Purchasers of healthcare are demanding accountability and seeking out providers who demonstrate the ability to deliver high-value care (i.e., better patient outcomes & experience, through smarter spending). In many competitive markets, this has led to increased participation in risk-based contracts.

Global payment models (i.e., capitated arrangements) are the most extreme arrangement, in terms of shifting actuarial risk from the insurer to the provider.

Under global risk structures, the “accountable” physician/organization receives a set Per-Member/Per-Month (PM/PM) payment for each patient attributed to them. Under these models, providers are responsible for the costs associated with all services rendered to the patient, regardless of who performed the service. Any savings generated would be considered “profit”, while overages would be a “loss”.

These types of arrangements, while risky, do offer the greatest potential rewards, both in terms of financial opportunities and improved patient outcomes.

So what’s the downside?

Although the potential rewards are higher under capitated arrangements, the inherent risk and complexity associated with the design and implementation of these contracts are also greater. In this article, we describe three key issues that providers must be aware of when entering into these arrangements, to ensure fair and equitable pay rates.

Three things you should know about your PMPM rates

Potential savings won’t always translate to profit

PMPM rates are typically established using historical Fee-for-Service (FFS) payments that are reduced by an arbitrary discounted amount (e.g.,2-3%) to guarantee savings. Past performance in managing total costs of care will likely have a significant impact on the potential savings (profits) under these arrangements. For example, an organization that has historically done well at controlling costs and utilization may not have much margin in the way of potential savings, coupled with the “discounts” each year, which could minimize those margins even further. Conversely, organizations that have traditionally not done well at controlling costs and utilization may have greater opportunity in terms of potential savings, but the costs associated with delivery improvements that will be required to realize savings will offset those earnings. In many cases, provider organizations don’t have the capabilities or access to the data needed to validate that baseline rates are equitable and fair; based on accurate/adjusted performance; representative of the population.

True costs of care are not considered

PMPM rates don’t factor in the patient’s needs or the cost of delivering the care. Rate setting is performed using actual service utilization. This issue is particularly impactful to providers serving vulnerable patients with unmet needs. For example, if the population used to calibrate rates was “under-utilizing” services/care, this would result in lower PMPM rates. This is true regardless of whether the utilization of services provided an appropriate level of care. In addition, PMPM rates don’t factor in the actual costs of delivering care. Provider organizations are therefore on the hook, to determine these costs and to negotiate them into the contract rates. This should include costs for delivering appropriate wellness care and preventative services, proactive treatment and management of chronic illnesses, high touch care/support for individuals with multiple/complex issues, transitional care support for major acute conditions, as well as diagnosis and treatment planning.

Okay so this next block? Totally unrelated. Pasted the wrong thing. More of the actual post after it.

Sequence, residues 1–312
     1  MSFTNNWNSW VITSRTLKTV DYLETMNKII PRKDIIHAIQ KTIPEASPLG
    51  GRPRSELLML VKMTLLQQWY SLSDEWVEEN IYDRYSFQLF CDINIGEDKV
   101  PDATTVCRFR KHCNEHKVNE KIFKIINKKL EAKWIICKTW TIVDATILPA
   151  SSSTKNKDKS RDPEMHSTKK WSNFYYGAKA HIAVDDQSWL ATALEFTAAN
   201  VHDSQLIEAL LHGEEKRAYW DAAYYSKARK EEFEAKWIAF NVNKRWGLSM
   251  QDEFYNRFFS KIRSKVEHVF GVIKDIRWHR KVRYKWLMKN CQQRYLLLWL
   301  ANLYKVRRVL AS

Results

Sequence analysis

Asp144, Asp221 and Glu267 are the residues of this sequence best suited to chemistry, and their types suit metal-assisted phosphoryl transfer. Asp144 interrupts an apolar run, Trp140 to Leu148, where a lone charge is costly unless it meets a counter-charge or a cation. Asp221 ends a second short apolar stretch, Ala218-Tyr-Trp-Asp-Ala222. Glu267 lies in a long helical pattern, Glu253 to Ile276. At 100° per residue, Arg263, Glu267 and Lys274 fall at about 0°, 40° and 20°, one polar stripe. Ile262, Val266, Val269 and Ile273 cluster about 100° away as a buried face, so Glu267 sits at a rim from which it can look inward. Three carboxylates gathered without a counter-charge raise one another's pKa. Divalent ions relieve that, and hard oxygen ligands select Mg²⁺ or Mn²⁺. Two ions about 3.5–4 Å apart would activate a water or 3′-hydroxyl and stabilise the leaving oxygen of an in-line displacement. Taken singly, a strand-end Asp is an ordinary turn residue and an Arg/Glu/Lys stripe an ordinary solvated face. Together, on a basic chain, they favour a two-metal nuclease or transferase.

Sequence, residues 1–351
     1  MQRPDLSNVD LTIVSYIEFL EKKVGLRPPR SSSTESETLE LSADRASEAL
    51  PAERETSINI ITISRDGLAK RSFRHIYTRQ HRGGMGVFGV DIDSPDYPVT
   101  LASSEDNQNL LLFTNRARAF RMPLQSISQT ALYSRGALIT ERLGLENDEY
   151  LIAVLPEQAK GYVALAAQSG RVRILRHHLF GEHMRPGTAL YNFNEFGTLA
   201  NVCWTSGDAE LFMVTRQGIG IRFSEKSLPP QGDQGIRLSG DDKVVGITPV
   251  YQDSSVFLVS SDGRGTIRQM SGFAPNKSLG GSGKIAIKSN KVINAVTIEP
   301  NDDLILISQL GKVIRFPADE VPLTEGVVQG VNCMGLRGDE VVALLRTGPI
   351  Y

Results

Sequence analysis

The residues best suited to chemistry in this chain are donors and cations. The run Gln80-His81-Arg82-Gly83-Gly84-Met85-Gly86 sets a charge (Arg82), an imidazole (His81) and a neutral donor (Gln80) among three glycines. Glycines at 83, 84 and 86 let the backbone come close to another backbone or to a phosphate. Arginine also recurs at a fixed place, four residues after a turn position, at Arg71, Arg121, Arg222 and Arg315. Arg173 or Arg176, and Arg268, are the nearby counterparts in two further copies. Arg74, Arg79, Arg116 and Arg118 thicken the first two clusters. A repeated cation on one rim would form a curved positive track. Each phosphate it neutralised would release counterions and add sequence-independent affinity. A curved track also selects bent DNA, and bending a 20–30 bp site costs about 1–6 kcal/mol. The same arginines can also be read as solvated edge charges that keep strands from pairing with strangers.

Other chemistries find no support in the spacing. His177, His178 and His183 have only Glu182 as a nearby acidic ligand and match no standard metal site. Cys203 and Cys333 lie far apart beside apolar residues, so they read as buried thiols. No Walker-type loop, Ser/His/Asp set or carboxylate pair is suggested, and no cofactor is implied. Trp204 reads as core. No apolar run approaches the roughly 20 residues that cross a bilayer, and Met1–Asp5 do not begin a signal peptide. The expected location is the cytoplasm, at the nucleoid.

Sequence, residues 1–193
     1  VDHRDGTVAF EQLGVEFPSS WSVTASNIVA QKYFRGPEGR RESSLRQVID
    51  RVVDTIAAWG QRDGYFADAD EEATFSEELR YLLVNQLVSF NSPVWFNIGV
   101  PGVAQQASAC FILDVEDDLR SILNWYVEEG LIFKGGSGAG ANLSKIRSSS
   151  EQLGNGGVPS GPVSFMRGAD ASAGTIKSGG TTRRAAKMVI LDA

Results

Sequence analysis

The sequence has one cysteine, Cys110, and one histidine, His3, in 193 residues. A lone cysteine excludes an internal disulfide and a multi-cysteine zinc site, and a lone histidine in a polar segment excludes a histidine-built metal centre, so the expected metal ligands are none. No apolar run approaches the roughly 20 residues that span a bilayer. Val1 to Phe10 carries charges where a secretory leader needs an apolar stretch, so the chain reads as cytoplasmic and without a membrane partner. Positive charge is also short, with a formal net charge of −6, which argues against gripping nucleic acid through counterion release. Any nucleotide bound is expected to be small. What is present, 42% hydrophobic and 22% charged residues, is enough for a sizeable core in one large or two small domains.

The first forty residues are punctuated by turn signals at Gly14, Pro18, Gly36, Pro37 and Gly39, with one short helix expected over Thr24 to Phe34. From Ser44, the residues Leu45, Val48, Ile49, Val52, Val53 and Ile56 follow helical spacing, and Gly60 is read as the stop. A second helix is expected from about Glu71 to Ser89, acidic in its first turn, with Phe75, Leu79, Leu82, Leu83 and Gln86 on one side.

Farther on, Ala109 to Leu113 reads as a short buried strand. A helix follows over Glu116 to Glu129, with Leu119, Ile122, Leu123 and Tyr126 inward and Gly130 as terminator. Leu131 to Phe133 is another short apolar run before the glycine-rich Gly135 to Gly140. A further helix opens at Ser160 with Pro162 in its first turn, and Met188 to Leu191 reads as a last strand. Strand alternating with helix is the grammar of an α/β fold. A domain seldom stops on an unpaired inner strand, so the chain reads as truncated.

Adjustments are inadequate

PMPM rates have traditionally taken into account chronic disease and severity of illness, but fail to include adjustments for acute conditions or social determinants of health. Despite widespread recognition of the importance that these factors have on quality, utilization, and costs of care very few risk-based arrangements take these into consideration. This issue again has a greater impact on provider organizations that are disproportionately treating vulnerable populations or those that serve patients with high acuity episodes of care. Again, the responsibility falls on the provider organization to understand the patient population well enough to predict care needs across the continuum and to negotiate that into their contracts, as well as form partnerships with community and other provider organizations to meet the needs of socially disadvantaged populations with complex needs.

These are just a few of the challenges organizations should anticipate as they expand their footprint in risk-bearing arrangements. The key to making the jump from one revenue model to another, smoothly, is really good information. At Inflight Health we’re focused on streamlining the collection and use of information and delivering the intelligence that healthcare organizations need to better understand risk and manage performance effectively in risk-bearing arrangments. Contact us to learn more or to set up a call with a member of our Success team.